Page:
Note that CEW resources are not namespaced, so this command shows the status of all CEW resources regardless of the namespace label that was used when creating them. --namespace option for the status command controls the namespace of Cilium deployment in your cluster and usually needs to be left as the default kube-system.

At this point the IP: in the status for runtime is N/A to inform that the VM has not yet joined the cluster.

Install and configure Cilium on external workloads

Run the external workload install command on your k8s cluster. This extracts the TLS certificates and other access information from the cluster installation and writes out an installation script to be used in the external workloads to install Cilium and connect it to your k8s cluster:

cilium clustermesh vm install

Note that the created script embeds the IP address for the clustermesh-apiserver service. If service type LoadBalancer can not be used, this IP address will be the one of the first node in your k8s cluster (for NodePort service type). If this node is removed from the cluster the above step for creating the installation script must be repeated and all the external workloads reinstalled. LoadBalancer is not affected by a node removal.

Log in to the external workload. First make sure the hostname matches the name used in the CiliumExternalWorkload resource:


Next, copy created above to the external workload. Then run the installation script:


This command launches the Cilium agent in a docker container named cilium and copies the cilium-dbg node CLI to your host. This needs sudo permissions, so you may be asked for a password. Note that this cilium-dbg command is not the same as the cilium CLI used to manage Cilium installation on a k8s cluster.

This command waits until the node has been connected to the cluster and the cluster services are available. Then it re-configures /etc/resolv.conf with the IP address of the kube-dns service.


If your external workload node has multiple IP addresses you may need to tell Cilium agent which IP to use. To this end add HOST_IP=<ip-address> to the beginning of the command line above.

Verify basic connectivity

Next you can check the status of the Cilium agent in your external workload:

sudo cilium-dbg status

You should see something like:

KVStore:     Ok   etcd: 1/1 connected, lease-ID=7c02748328e75f57, lock lease-ID=7c02748328e75f59, has-quorum=true: - 3.4.13 (Leader)
Kubernetes:  Disabled

Check that cluster DNS works:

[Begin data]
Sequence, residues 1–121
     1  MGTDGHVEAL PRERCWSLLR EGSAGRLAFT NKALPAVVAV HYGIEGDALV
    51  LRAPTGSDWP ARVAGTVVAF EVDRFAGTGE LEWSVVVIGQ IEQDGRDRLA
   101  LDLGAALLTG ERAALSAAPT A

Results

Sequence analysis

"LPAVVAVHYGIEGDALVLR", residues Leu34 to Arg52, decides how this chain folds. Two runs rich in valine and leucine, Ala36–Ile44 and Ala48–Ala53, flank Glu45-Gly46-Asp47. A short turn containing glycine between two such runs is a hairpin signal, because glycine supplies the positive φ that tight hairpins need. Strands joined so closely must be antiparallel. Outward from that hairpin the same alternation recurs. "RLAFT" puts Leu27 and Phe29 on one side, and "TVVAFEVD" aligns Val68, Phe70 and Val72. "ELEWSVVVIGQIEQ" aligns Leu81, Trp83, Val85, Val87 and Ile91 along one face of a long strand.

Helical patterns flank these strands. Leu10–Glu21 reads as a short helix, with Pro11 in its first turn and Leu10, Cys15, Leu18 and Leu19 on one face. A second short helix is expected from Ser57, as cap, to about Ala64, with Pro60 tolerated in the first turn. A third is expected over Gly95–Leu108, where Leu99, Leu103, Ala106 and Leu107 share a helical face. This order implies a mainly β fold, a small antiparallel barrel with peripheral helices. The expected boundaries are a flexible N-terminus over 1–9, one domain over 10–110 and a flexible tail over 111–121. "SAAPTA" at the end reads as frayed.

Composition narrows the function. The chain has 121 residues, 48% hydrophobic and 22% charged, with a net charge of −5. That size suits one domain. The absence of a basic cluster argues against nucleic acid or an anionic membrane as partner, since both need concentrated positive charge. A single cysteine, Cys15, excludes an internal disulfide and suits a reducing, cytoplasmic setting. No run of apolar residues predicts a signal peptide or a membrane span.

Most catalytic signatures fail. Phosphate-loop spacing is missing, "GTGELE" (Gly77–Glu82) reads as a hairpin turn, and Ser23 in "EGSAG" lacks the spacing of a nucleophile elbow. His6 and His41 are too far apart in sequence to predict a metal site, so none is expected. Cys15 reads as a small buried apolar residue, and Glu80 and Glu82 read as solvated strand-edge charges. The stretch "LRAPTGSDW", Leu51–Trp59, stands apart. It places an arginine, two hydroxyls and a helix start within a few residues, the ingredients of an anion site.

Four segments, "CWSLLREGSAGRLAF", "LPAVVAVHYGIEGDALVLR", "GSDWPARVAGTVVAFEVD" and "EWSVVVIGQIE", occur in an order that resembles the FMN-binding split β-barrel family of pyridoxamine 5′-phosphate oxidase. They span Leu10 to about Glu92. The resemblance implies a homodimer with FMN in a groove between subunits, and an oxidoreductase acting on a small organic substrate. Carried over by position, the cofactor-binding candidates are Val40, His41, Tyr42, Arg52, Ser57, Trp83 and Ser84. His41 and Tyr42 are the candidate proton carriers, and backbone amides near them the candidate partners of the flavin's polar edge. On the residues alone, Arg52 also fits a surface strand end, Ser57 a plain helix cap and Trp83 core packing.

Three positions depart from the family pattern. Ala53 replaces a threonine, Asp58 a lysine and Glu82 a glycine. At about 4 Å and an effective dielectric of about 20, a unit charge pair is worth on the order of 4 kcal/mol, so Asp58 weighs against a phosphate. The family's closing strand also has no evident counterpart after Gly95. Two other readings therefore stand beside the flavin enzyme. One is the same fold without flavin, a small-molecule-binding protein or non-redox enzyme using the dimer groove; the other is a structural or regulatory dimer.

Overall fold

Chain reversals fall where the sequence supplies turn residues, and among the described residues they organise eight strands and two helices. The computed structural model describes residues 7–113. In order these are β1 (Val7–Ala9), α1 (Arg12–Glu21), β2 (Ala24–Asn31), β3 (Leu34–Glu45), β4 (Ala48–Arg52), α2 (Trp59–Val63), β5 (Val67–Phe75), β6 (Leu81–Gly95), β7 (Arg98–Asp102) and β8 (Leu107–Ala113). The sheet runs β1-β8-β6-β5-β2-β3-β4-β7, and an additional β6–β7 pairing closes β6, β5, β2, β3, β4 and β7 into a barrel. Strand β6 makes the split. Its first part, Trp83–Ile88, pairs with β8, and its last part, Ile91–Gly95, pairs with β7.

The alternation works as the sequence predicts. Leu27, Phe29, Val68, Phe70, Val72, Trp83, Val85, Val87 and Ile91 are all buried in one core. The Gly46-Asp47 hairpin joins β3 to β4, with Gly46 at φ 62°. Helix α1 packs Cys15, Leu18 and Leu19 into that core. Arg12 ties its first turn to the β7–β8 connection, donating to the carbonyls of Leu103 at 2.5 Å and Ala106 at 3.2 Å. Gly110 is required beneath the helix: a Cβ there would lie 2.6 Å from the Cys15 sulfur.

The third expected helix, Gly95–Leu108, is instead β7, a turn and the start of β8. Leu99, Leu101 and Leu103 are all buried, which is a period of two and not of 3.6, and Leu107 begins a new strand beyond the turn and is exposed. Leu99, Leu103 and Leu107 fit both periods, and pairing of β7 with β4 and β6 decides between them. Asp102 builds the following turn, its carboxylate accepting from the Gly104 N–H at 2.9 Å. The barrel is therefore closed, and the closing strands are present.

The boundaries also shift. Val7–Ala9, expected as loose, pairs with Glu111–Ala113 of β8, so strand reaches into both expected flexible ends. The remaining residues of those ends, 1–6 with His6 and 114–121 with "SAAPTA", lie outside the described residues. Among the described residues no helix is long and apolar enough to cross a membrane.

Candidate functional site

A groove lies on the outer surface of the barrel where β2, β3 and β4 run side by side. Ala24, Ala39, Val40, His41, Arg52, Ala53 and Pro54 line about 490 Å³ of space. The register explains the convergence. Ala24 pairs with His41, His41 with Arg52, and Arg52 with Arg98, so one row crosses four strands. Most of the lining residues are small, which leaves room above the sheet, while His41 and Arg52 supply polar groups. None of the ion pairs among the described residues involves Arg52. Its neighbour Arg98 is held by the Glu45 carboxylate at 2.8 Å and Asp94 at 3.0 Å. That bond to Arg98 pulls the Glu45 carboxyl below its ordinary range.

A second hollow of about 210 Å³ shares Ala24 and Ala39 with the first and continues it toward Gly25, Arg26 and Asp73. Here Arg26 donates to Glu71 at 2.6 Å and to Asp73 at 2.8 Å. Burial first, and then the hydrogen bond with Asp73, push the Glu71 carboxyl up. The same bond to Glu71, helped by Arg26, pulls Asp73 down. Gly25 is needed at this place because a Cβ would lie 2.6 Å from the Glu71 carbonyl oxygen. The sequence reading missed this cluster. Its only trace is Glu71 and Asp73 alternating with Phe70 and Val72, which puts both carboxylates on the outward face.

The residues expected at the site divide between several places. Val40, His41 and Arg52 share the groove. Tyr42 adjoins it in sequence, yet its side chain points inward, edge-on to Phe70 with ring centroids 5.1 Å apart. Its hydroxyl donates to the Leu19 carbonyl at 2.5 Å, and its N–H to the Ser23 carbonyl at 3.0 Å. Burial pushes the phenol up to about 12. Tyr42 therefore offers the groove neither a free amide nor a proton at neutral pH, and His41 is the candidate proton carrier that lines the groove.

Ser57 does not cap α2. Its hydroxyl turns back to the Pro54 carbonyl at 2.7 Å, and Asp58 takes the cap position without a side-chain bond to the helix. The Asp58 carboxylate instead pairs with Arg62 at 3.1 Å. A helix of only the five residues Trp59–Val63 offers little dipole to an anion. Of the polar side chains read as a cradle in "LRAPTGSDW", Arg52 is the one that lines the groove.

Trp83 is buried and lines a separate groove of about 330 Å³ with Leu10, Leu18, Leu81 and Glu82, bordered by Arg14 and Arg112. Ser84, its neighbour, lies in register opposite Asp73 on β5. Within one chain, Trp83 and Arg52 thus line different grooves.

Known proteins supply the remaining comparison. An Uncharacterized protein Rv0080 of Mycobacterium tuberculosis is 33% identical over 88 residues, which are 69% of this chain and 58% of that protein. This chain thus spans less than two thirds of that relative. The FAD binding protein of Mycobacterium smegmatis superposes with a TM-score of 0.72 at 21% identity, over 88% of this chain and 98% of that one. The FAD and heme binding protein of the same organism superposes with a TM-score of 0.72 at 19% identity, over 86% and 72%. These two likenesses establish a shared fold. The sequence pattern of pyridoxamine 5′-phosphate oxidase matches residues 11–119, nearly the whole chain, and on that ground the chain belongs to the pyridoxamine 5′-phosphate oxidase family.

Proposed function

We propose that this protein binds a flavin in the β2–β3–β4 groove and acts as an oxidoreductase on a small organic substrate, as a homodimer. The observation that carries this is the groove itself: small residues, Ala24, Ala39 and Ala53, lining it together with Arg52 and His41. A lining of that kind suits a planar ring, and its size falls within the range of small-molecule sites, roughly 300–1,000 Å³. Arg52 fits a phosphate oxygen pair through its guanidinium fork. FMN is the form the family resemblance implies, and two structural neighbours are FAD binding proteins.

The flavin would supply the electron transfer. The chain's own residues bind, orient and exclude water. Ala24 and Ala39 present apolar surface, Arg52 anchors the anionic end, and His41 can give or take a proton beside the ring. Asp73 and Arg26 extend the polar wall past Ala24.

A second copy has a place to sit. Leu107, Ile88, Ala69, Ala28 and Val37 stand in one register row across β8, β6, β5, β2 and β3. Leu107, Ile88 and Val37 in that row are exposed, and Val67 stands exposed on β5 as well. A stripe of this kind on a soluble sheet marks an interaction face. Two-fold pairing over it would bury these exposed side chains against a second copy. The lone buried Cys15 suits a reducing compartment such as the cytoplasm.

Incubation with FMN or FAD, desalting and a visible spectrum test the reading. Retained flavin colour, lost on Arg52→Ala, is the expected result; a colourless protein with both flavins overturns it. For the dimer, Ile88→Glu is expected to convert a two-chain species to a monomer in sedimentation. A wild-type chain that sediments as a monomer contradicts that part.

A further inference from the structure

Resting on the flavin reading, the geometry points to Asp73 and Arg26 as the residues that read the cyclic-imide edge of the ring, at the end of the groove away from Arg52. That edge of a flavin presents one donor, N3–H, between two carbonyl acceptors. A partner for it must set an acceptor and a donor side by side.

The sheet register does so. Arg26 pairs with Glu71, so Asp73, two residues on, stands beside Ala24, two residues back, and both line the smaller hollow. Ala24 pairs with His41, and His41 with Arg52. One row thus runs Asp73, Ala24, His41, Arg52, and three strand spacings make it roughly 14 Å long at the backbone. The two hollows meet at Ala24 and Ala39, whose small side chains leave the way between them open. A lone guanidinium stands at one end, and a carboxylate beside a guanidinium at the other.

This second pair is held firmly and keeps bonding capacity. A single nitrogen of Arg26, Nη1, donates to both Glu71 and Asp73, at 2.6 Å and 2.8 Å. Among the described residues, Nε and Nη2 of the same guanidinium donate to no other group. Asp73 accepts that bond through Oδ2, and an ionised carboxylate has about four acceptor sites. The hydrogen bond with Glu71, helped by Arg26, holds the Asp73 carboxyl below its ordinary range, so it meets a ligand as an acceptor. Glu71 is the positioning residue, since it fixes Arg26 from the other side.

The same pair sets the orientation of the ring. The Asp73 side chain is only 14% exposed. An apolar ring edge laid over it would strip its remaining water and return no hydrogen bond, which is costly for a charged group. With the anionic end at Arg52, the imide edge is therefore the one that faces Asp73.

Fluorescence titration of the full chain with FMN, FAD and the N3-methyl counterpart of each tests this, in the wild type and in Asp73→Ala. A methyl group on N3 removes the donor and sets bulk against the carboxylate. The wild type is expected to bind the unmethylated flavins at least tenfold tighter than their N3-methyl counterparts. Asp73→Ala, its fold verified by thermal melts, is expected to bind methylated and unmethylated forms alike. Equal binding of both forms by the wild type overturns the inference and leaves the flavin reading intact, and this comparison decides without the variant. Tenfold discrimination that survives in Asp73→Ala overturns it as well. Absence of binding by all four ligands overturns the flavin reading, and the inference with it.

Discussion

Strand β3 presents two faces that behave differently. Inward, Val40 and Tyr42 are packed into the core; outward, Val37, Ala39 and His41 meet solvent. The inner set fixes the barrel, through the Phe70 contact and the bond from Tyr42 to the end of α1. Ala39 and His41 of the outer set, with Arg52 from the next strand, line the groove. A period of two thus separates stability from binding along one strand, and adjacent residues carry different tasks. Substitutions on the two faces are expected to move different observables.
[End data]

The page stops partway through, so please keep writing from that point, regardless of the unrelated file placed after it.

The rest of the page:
nslookup -norecurse clustermesh-apiserver.kube-system.svc.cluster.local

Inspecting status changes in the cluster

The following command in your cluster should show the external workload IPs and their Cilium security IDs:

kubectl get cew

External workloads should also be visible as Cilium Endpoints:

kubectl get cep

Apply Cilium Network Policy to enforce traffic from external workloads

From the external workload, ping the backend IP of clustermesh-apiserver service to verify connectivity:

ping $(sudo cilium-dbg service list get -o jsonpath='{[?("clustermesh-apiserver")].spec.backend-addresses[0].ip}')

The ping should keep running also when the following CCNP is applied in your cluster:

kind: CiliumClusterwideNetworkPolicy
  name: test-ccnp
  namespace: kube-system
      k8s-app: clustermesh-apiserver
  - fromEndpoints:
    - matchLabels: runtime
  - toPorts:
    - ports:
      - port: "2379"
        protocol: TCP

The ping should stop if you delete these lines from the policy (e.g., kubectl edit ccnp test-ccnp):

- fromEndpoints:
  - matchLabels: runtime

The ping should continue if you delete the policy:

kubectl delete ccnp test-ccnp


You can remove the Cilium installation from your external workload by running the installation script with the uninstall argument:

./ uninstall


With the above we have enabled policy-based communication between external workloads and pods in your Kubernetes cluster. We have also established service load-balancing from external workloads to your cluster backends, and configured domain name lookup in the external workload to be served by kube-dns of your cluster.